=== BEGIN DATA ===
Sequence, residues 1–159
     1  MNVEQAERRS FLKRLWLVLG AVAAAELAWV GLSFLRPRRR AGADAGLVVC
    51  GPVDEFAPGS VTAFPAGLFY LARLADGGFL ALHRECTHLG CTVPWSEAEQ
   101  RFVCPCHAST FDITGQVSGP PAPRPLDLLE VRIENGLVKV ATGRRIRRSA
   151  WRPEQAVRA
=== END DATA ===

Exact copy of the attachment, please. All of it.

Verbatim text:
Sequence, residues 1–159
     1  MNVEQAERRS FLKRLWLVLG AVAAAELAWV GLSFLRPRRR AGADAGLVVC
    51  GPVDEFAPGS VTAFPAGLFY LARLADGGFL ALHRECTHLG CTVPWSEAEQ
   101  RFVCPCHAST FDITGQVSGP PAPRPLDLLE VRIENGLVKV ATGRRIRRSA
   151  WRPEQAVRA